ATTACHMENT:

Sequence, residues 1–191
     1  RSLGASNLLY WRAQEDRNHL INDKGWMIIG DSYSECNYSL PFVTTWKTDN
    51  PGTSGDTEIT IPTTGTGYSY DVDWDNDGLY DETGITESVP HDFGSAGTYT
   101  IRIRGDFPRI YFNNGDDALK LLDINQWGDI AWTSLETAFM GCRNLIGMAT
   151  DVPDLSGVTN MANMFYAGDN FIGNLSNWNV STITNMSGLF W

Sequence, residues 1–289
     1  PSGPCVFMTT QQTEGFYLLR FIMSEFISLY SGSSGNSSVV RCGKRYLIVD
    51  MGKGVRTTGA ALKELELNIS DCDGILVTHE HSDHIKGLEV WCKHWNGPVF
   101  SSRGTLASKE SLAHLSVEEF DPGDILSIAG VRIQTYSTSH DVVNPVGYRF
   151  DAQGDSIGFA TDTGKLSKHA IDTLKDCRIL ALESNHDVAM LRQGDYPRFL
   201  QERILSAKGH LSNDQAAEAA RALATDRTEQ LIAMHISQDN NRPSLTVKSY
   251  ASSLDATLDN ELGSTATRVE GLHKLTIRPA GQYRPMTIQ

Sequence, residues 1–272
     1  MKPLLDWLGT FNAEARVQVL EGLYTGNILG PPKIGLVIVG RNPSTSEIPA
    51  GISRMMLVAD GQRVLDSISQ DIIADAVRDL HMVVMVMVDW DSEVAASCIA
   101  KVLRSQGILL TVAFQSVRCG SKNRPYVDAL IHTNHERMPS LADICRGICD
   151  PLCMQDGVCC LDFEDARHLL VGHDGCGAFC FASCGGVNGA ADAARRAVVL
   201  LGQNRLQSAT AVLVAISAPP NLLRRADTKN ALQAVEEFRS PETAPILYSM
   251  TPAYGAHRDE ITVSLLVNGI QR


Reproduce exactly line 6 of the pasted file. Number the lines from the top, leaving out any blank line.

Sequence, residues 1–289